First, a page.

The demographics of the village appears to be evenly distributed: there is a mixture of Indian and African Guyanese and religions and the ages of the residents range from a few days old baby to a 103-year-old lady. However, there appears to be a disagreement between the older generation who were born and bred in the village and the younger generation who migrated into the village.
Seventy-eight-year-old Edmund Montague Morian, fondly known as Neighbour Mory, described the village as bad and said he cannot comprehend how it has turned into one of “detachment and disassociation. I am not living properly here.” Neighbour Mory explained that when he leaves his house to go and collect his pension persons always invade his premises and steal from him. “They
always thieving out my things and robbing me all the time.” He revealed that he once intercepted the vandals and was “choked in my house and is neighbour Derek who had to save me about five years ago.”
The former security guard, tailor and poet went on to say “this is the worse life in my career” and that he longs for the “good old days when people were each other’s keepers and cared for one another.” What is needed in the village, he said, is for people to “live more up to date with each other and be friendlier.”
In contrast, 35-year-old Bertram Garnett, who is a barber by profession wishes his neighbours would mind his business a little less. Garnett has lived in Number 2 for over a decade, and said the village is quite lovely but has “nuff talk name.” This he believes is the only insufferable thing in the village. “It alright, is just some people they like snoop in your business; we have some noisy neighbours,” he
stated. Clarifying his statement, Garnett said “they are nice people, is just that they got their ways.” But this is not necessarily a bad thing he admitted, since it makes them very progressive. “They like peep over and see what you doing and stuff; if they see you do something – build fence, paint house, buy car and all those things they run and do it.”
Other aspects of village life need improving he added. “We getting water and light, but we need better drainage systems and we need something for the youths.” He noted that all there is for the youths to do in the village is “mine bird and play cricket. They don’t have a playground in this place.” Garnett suggested that “at least every community suppose to get a playground,” and Number 2 Village “needs a counselling centre for the youths to educate them about sex, and AIDS and those things.”
Sisters Lynette and Loretta Rooney, ages 66 and 63 years respectively, were trying to cope with the loud music blasting from the stereos of a neighbour. They have lived most of their lives in Number 2 Village, and now spend their time split between living in the village and Georgetown. They complained about the constant noise nuisance in the village and the police’s apparent unwillingness to address the issue properly.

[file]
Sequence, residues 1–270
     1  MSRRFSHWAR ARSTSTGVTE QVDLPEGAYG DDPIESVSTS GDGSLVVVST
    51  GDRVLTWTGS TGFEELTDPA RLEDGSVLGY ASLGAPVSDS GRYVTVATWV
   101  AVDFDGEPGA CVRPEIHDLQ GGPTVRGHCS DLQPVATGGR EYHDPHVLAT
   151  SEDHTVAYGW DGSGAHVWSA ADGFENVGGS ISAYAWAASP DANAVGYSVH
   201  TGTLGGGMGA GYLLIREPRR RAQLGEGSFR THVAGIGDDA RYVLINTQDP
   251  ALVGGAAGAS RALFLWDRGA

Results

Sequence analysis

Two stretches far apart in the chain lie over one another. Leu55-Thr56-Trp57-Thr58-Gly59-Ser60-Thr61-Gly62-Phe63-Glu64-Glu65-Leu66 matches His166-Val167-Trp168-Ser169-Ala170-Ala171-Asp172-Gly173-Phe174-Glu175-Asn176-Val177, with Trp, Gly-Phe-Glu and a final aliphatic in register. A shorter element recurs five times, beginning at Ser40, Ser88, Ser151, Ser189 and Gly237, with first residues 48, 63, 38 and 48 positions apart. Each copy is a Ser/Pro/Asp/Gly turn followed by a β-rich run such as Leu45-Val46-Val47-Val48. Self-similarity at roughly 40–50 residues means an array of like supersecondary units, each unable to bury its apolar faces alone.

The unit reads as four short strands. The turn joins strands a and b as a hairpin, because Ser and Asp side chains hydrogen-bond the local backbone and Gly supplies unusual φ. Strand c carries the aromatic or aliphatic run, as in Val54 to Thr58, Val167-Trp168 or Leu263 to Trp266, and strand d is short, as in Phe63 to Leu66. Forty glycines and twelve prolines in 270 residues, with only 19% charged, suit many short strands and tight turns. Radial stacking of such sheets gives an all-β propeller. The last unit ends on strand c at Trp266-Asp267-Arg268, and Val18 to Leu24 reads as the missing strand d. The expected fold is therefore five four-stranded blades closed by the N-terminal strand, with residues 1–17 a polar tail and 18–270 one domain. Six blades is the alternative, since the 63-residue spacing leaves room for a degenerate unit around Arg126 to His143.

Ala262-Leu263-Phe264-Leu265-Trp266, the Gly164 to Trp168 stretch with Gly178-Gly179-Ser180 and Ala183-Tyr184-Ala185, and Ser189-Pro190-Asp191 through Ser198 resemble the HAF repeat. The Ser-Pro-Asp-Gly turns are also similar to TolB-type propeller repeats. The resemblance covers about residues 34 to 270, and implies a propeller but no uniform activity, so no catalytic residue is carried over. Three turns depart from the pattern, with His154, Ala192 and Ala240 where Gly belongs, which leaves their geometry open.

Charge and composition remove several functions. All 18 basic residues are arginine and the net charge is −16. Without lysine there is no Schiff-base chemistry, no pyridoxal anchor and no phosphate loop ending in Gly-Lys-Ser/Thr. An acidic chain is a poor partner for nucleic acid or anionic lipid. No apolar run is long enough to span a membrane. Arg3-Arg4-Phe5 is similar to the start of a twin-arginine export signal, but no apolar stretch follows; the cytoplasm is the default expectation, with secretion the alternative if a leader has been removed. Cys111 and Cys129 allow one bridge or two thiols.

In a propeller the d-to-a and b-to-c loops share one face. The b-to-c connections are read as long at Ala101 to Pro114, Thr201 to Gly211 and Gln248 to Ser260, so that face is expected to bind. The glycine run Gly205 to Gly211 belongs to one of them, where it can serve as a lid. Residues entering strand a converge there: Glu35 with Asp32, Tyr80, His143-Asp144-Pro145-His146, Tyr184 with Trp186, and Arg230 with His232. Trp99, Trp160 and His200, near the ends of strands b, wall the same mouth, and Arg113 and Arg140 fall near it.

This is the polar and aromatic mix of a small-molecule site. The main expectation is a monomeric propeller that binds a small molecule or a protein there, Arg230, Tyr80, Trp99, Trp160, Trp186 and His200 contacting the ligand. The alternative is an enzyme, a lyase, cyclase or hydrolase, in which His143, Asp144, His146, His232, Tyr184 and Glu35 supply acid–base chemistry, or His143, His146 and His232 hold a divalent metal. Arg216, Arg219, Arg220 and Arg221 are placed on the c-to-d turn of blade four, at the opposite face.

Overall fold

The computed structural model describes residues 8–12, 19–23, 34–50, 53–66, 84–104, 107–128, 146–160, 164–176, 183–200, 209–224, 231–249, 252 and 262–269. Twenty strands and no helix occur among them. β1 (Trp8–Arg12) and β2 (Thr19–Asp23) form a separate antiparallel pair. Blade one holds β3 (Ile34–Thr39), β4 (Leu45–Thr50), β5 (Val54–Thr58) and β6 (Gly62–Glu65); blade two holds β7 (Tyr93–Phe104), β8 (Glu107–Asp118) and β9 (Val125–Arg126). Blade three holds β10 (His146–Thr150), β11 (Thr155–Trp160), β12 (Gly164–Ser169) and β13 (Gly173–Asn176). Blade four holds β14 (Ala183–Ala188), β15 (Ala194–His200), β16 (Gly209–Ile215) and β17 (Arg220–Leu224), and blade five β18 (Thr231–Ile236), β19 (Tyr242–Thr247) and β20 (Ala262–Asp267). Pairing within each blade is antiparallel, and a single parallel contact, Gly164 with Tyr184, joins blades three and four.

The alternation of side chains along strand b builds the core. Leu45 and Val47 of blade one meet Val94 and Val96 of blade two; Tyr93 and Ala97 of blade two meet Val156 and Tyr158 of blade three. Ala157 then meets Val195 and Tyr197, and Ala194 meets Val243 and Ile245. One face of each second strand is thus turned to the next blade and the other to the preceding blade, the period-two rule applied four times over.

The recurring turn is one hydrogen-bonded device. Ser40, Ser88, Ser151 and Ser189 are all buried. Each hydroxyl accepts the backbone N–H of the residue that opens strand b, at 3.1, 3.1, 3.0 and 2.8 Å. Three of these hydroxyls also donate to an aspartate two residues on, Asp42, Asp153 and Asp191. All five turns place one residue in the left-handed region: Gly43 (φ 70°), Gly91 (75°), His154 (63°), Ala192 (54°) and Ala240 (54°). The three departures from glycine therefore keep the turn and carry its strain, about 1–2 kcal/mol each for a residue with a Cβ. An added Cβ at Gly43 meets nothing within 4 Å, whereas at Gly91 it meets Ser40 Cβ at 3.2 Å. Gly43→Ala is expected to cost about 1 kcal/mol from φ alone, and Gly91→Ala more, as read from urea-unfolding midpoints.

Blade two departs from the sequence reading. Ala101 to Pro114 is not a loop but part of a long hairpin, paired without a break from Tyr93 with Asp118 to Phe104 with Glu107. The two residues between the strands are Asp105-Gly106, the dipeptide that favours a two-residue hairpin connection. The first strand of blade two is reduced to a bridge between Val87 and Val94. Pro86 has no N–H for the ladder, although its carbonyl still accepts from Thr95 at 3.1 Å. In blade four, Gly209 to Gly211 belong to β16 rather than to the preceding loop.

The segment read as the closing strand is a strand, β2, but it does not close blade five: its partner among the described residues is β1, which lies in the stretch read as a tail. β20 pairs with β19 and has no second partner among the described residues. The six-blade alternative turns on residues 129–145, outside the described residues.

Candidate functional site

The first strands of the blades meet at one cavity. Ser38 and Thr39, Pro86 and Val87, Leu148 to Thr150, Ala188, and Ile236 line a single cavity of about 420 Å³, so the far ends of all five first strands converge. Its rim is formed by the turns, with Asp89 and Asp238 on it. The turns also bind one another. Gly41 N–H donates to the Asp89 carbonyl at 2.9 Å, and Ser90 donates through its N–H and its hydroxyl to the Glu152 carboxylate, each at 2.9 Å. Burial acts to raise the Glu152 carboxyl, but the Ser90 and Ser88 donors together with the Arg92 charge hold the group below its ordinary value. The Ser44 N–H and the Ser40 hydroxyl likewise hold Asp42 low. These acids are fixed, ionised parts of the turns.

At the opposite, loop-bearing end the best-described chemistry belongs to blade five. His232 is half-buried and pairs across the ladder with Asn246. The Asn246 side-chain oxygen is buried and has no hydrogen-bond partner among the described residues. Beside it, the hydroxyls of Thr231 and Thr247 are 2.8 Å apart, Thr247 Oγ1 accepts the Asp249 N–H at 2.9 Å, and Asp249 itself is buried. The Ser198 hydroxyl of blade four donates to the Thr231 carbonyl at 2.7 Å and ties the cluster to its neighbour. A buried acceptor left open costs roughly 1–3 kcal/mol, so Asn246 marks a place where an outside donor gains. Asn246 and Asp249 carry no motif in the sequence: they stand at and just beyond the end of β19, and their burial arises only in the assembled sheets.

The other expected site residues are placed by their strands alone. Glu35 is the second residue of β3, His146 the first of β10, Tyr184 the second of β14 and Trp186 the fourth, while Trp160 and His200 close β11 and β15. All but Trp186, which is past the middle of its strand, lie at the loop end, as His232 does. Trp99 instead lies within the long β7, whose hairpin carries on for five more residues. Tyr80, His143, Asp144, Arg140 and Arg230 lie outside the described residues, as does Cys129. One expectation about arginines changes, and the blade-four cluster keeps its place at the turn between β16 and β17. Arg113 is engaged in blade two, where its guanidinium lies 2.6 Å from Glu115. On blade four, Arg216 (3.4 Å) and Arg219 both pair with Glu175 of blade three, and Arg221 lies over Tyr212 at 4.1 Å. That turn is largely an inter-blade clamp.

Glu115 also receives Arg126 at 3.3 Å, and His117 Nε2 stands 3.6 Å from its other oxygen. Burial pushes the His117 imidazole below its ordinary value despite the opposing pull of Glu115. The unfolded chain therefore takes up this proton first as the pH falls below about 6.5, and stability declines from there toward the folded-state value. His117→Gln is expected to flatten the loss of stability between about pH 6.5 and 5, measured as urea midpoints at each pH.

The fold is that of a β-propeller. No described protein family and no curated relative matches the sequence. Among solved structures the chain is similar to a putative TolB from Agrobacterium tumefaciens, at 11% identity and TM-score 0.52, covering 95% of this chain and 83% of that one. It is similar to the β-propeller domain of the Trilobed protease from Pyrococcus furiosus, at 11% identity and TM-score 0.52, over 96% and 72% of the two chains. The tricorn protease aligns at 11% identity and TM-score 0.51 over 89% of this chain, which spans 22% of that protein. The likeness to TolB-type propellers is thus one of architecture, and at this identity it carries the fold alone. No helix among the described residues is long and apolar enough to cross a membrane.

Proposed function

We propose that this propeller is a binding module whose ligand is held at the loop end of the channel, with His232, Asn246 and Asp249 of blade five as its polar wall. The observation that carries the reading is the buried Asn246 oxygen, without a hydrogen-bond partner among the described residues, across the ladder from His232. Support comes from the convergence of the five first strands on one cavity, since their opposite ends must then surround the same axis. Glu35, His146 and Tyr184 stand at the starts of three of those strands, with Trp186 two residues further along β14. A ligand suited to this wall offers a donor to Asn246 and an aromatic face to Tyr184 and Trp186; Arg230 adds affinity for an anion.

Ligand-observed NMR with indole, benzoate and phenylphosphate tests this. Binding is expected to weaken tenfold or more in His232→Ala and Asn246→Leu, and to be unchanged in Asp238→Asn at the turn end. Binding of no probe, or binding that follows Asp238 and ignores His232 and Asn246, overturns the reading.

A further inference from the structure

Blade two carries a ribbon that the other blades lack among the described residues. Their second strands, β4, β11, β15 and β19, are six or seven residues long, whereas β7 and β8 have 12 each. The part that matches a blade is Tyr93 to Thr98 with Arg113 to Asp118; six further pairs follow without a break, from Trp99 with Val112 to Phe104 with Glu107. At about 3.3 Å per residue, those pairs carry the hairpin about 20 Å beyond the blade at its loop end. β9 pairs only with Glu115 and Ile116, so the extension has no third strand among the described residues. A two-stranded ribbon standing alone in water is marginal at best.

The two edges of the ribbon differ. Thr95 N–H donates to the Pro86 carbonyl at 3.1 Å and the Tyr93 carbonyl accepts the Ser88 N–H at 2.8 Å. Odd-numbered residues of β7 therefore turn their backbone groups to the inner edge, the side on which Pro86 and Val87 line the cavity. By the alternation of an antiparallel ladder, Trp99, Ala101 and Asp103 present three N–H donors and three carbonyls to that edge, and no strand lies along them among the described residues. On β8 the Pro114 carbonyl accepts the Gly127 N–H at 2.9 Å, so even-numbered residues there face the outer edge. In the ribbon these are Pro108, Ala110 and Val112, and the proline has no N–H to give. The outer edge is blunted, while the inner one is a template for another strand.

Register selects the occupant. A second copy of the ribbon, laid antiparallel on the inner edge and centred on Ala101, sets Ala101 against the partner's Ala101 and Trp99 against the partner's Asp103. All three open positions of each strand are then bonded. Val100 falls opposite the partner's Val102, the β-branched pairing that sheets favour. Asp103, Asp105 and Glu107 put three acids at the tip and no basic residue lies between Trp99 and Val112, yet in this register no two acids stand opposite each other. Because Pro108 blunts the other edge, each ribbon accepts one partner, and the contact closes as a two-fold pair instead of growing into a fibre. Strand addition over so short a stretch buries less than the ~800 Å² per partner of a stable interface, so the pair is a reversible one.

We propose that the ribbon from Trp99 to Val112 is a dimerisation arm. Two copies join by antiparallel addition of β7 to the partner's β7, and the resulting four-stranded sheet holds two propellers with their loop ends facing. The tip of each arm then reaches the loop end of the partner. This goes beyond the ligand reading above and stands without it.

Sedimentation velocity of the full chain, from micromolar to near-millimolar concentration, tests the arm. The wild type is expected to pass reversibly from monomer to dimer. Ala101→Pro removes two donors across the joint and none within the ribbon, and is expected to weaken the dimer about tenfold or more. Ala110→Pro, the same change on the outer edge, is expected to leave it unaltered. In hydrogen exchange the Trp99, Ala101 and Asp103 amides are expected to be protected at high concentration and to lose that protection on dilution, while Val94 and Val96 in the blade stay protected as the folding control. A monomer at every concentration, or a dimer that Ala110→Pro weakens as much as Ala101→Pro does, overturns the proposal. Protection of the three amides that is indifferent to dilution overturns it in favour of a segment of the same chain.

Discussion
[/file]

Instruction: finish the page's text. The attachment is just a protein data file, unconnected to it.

“Is noise all day and I call the police plenty times but they want the telephone numbers of those making the noise to call them but I don’t know the numbers,” said Lynette. It was Loretta who explained that “these are new people in the village, in the sense that they weren’t born in the village but they been living here for quite a while now, so we don’t really know them.”
Both sisters indicated that “now different from long ago, because now we don’t know who living here; there are a set of strange people coming into the village. But before time, when we were growing up it was small population and everybody knew everybody.”
The village was once characterized as peaceful, warm and welcoming, but now the Rooneys believe the village is known for “too many rum drinking, unemployment and drug smoking.”
Beryl Thomas, 83, raised 9 children in Number 2 Village and found that it was easy then compared to trying to help rear her grandchildren and great grandchildren in the village now. “Back in the days, you had help from everyone, the village was small in size and everyone was like one big family,” she said. She posited that with time things change as people are raised differently now and have different mindsets. She did however say, that she has maintained amiable relationships with all her neighbours who have come and gone. Thomas remembers the days in the 1940s and 1950s when the village was nothing more than mud dams with a few mud houses.
Now Number 2 Village has five asphalted roads, namely Lord Street, Behaspat Street, Sukhu Street, Bristol Street and the Public Road. Each of these streets is fully occupied with dozens of concrete and wooden houses.
Number 2 Village falls under the Ordnance/Fort Lands/Number 38 NDC which is run by an IMC, whose chairman lives in the village. Hiralall Goberdhan described his responsibilities as where he
“basically carries out the instructions of the local government ministry.” He indicated that the IMC has helped to improve the lives of the villagers and in explaining the functioning of the council he said “there are councillors who look after various things. If a villager has a problem, he/she will meet a councillor and state the problem and at a
council meeting the matter would be raised.” The issue would then be forwarded to the Regional Democratic Council for a solution or resolution.
Goberdhan stressed that the “village has undergone plenty changes over the years; we have seen continuous progress as the years go by” and pointed to the streets as one such example. He said, too, “Everything else is ok, [but] the drains will always be clogged with our garbage and need to be cleaned.”